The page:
As per a Google cybersecurity official and the former head of UK foreign intelligence, a new website that released email leaks from so many leading figures of Britain’s exit from the European Union is linked to Russian hackers.
The website, titled “Very English Coop d’Etat,” claims to have published confidential correspondence from former British spymaster Richard Dearlove, foremost Brexit campaigner Gisela Stuart, pro-Brexit historian Robert Tombs, and other Brexit supporters.
According to the website, they are part of a larger group of hardline pro-Brexit figures who are secretly making the decisions in the UK. Reuters was unable to confirm the validity of the emails immediately, but two victims of the leak confirmed on Wednesday that they’d been intending to target by hackers and tried to blame the Russian government.
“I am well aware of a Russian operation against a Proton account which contained emails to and from me,” said Dearlove, making reference to the confidentiality email service ProtonMail.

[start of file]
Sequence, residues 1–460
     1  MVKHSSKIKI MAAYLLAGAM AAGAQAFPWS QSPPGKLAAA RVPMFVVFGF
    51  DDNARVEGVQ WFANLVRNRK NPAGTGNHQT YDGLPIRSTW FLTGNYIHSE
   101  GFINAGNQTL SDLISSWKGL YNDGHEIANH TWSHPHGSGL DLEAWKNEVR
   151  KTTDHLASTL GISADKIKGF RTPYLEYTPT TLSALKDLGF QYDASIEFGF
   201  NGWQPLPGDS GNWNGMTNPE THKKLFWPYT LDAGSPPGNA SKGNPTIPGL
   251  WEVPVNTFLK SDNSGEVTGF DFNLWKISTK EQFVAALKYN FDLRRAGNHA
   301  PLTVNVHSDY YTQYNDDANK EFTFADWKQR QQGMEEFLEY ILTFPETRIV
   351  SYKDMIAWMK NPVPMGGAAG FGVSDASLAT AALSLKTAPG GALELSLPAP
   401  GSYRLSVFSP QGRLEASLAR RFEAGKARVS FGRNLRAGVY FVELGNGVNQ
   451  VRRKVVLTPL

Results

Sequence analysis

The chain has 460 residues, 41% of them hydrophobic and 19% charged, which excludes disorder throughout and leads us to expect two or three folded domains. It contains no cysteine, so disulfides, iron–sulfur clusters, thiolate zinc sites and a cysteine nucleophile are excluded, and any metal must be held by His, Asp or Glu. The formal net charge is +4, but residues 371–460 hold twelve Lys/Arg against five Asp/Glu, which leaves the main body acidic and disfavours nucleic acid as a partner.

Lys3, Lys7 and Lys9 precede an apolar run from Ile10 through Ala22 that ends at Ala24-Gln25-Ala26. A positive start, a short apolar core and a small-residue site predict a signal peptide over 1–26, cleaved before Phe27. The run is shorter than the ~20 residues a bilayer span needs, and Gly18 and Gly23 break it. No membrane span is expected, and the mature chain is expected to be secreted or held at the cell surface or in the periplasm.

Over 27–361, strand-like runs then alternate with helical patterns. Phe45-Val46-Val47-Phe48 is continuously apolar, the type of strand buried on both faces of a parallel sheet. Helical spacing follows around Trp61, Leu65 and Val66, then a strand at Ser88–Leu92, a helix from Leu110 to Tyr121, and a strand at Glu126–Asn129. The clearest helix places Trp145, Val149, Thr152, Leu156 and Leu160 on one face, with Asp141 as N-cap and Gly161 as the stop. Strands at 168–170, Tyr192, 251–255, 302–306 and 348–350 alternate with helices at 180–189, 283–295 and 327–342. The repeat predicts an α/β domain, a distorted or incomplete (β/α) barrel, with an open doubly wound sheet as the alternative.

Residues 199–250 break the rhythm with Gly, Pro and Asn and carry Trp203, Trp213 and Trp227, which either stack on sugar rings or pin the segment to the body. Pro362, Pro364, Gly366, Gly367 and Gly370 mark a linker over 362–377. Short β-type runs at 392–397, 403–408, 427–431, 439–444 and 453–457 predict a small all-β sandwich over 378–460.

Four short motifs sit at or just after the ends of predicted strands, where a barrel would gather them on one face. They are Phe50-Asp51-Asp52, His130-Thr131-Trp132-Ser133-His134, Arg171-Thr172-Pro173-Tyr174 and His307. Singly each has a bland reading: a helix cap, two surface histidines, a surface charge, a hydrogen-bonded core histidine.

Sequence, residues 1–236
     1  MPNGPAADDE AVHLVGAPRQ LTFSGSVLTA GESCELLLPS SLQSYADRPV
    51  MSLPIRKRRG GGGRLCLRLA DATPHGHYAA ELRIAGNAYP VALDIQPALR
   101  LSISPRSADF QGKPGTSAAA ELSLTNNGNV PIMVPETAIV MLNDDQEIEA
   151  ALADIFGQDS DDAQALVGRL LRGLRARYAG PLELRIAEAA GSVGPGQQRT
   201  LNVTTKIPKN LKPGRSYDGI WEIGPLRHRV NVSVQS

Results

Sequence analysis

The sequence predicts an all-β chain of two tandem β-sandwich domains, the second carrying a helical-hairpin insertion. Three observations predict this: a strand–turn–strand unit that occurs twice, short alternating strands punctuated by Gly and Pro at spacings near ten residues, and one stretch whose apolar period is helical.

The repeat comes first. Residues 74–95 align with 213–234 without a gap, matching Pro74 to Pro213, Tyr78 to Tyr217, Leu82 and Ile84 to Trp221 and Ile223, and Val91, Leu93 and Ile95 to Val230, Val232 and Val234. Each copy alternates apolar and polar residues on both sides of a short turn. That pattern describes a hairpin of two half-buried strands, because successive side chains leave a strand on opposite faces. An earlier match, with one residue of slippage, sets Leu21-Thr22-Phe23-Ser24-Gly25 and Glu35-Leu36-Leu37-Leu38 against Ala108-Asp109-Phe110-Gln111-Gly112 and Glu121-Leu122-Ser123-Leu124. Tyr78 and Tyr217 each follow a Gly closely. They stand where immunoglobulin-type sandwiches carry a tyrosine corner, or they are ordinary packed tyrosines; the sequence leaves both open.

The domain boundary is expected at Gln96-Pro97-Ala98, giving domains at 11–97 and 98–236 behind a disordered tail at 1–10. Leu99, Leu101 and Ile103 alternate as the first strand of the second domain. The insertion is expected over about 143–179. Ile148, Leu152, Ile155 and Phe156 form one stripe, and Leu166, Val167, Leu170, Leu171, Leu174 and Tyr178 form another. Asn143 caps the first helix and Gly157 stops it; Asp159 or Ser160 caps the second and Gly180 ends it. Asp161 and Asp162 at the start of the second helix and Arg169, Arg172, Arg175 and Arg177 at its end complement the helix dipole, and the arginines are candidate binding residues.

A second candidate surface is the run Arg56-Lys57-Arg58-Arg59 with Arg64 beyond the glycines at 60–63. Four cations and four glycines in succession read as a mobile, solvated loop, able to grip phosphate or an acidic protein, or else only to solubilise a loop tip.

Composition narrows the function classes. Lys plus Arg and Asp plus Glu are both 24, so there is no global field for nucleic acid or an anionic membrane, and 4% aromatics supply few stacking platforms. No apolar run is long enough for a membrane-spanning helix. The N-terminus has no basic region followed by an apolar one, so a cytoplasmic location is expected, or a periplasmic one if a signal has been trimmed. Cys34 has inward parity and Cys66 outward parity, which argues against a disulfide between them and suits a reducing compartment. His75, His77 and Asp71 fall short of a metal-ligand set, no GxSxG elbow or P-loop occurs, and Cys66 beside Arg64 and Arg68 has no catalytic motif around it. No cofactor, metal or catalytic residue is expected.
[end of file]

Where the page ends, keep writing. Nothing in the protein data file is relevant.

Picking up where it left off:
Dearlove, who led Britain’s foreign spy service, known as MI6, from 1999 to 2004, told Reuters that the leaked content should be approached with caution in light of “the present crisis in relations with Russia.”
In an email, Tombs stated that he and his colleagues were aware of “Russian disinformation based on illegal hacking.” He declined to comment further. Stuart, who led Britain’s Leave campaign in 2016, did not respond to emails.
According to Shane Huntley, director of Google’s Threat Analysis Group, the “English Coop” website was linked to what Alphabet Inc (GOOGL.O)-owned company knew as “Cold River,” a Russia-based hacking group.
Huntley stated that the entire operation had “clear technical links” from Cold River’s hacking attempts to publicizing the leaks.
The Russian embassies in London and Washington did not respond to requests for comment. The Foreign Office in the United Kingdom, which handles media inquiries for MI6, declined to comment. Other Brexit supporters whose emails were suspected of being circulated on the website did not respond to emails either.
It is unknown how the emails were obtained, and the website hosting them made no attempt to explain who was behind the leak. The majority of the leaked messages appear to have been exchanged via ProtonMail. ProtonMail refused to comment.
Although Reuters was unable to independently confirm Google’s assessment of a Russian link to the website, Thomas Rid, a cybersecurity expert at Johns Hopkins University, said the site was similar to previous hack-and-leak operations attributed to Russian hackers.